Friday, October 3, 2014

One Way To Understand Programming Languages

I'm learning to play the drums, and I got a good DVD from Amazon. It starts off with a rant about drum technique.

The instructor mentions the old rule of thumb that you're best to avoid conversations about religion and politics, and says that he thinks drum technique should be added to the list. He says that during the DVD, he'll tell you that certain moves are the wrong moves to make, but that any time he says that, it really means that the given move is the wrong move to make in the context of the technique he's teaching.

He then goes on to give credit to drummers who play using techniques that are different from his, and to say that it's your job as a drummer to take every technique with a grain of salt and disavow the whole idea of regarding any particular move as wrong. Yet it's also your job as a student of any particular technique to interpret that technique strictly and exactly, if you want to learn it well enough to use it. So when you're a drummer, the word "wrong" should be meaningless, yet when you're a student, it should be very important.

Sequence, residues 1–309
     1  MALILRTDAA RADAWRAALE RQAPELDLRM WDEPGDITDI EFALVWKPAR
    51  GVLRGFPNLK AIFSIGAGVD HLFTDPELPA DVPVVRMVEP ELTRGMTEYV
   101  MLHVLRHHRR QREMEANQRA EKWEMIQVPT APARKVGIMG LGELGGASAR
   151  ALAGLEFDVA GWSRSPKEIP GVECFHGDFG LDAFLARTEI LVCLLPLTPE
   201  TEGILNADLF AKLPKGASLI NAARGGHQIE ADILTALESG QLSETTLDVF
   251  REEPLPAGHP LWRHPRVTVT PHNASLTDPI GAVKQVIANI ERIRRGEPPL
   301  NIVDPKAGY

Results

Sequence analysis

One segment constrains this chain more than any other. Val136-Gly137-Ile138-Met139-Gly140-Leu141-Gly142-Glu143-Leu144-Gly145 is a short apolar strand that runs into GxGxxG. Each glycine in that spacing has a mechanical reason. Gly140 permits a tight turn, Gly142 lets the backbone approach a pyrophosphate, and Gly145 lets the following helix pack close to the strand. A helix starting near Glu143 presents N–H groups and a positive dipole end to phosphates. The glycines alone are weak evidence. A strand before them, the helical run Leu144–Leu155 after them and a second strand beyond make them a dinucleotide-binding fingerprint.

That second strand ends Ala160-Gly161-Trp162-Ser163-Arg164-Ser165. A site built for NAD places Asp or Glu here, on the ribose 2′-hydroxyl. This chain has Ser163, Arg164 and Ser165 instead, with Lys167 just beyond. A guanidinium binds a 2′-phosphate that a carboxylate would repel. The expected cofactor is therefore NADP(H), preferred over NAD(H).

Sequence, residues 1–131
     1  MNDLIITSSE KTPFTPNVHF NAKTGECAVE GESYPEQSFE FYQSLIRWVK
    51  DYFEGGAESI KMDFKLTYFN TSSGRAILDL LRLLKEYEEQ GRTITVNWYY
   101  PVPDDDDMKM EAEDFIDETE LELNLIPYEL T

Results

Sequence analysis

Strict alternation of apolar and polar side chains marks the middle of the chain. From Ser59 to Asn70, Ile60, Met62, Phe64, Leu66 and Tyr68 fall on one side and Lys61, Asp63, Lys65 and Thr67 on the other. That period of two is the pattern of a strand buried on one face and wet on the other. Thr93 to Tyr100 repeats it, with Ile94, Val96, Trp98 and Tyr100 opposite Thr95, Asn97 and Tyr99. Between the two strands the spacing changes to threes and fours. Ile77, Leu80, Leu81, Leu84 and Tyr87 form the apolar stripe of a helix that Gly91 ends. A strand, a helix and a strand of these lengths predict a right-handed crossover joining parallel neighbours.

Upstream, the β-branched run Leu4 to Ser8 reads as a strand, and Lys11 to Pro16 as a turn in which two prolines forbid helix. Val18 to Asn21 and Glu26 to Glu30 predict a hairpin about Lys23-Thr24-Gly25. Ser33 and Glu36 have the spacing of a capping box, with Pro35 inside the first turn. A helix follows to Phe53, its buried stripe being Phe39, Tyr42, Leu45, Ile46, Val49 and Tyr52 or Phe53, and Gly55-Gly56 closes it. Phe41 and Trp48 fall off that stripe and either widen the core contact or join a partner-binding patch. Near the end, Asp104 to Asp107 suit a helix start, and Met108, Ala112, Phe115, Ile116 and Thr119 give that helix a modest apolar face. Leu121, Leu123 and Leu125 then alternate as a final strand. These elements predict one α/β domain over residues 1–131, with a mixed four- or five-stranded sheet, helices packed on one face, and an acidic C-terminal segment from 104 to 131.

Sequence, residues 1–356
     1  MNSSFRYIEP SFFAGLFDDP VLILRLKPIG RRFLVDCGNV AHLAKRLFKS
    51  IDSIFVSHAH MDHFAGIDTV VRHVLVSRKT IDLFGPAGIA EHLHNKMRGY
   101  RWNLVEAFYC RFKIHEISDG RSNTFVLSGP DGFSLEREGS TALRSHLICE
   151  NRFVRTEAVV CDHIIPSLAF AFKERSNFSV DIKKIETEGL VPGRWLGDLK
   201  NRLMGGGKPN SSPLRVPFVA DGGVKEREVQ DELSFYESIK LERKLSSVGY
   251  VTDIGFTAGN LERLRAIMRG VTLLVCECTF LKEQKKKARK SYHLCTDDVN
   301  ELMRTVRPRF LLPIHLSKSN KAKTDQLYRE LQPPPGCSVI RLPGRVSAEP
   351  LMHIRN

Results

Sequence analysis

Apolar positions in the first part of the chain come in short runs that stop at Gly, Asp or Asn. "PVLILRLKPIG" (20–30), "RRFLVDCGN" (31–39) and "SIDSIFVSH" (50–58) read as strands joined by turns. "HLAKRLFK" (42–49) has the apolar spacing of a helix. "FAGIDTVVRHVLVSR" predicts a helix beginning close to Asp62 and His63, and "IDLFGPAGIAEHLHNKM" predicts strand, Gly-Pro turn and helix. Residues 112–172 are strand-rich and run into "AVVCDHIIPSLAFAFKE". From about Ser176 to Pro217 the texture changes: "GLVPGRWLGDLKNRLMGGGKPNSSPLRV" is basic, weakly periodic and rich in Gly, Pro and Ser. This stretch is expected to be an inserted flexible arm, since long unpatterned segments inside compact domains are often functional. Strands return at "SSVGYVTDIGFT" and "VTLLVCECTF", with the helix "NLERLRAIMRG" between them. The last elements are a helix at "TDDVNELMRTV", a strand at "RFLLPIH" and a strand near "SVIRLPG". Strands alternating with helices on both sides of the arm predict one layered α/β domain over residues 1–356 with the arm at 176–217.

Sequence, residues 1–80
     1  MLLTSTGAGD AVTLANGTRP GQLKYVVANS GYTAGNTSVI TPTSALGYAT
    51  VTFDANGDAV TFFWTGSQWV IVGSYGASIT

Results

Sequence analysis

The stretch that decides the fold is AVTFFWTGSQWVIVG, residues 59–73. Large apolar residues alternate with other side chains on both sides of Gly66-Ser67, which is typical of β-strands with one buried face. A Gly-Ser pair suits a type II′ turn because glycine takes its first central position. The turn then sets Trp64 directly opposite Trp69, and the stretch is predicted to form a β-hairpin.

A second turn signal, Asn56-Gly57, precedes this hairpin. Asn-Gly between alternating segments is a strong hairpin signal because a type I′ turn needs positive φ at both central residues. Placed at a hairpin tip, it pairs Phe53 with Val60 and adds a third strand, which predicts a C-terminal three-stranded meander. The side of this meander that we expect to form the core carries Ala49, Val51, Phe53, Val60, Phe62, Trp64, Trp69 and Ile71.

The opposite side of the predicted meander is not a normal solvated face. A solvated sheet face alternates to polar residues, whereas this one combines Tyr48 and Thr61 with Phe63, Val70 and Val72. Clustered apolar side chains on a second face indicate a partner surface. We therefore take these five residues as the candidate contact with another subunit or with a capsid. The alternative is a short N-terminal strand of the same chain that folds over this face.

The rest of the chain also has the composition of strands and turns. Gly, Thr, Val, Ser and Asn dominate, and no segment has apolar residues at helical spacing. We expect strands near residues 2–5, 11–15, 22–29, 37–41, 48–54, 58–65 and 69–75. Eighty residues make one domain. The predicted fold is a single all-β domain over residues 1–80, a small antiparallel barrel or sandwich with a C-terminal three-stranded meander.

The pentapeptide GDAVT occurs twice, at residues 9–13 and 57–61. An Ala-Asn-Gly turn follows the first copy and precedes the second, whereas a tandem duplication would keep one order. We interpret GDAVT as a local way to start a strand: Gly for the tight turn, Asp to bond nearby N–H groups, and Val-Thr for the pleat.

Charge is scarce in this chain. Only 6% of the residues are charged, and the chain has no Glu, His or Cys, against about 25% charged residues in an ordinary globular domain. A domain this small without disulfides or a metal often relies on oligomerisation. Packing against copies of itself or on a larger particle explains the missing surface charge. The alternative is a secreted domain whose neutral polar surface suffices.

Programming has this tension also. If you're a good programmer, you have to be capable of understanding both One True Way fanatacism and "right tool for the job" indifference. And you have to be able to use any particular right tool for a job in that particular's tool One True Way (or choose wisely between the options that it offers you).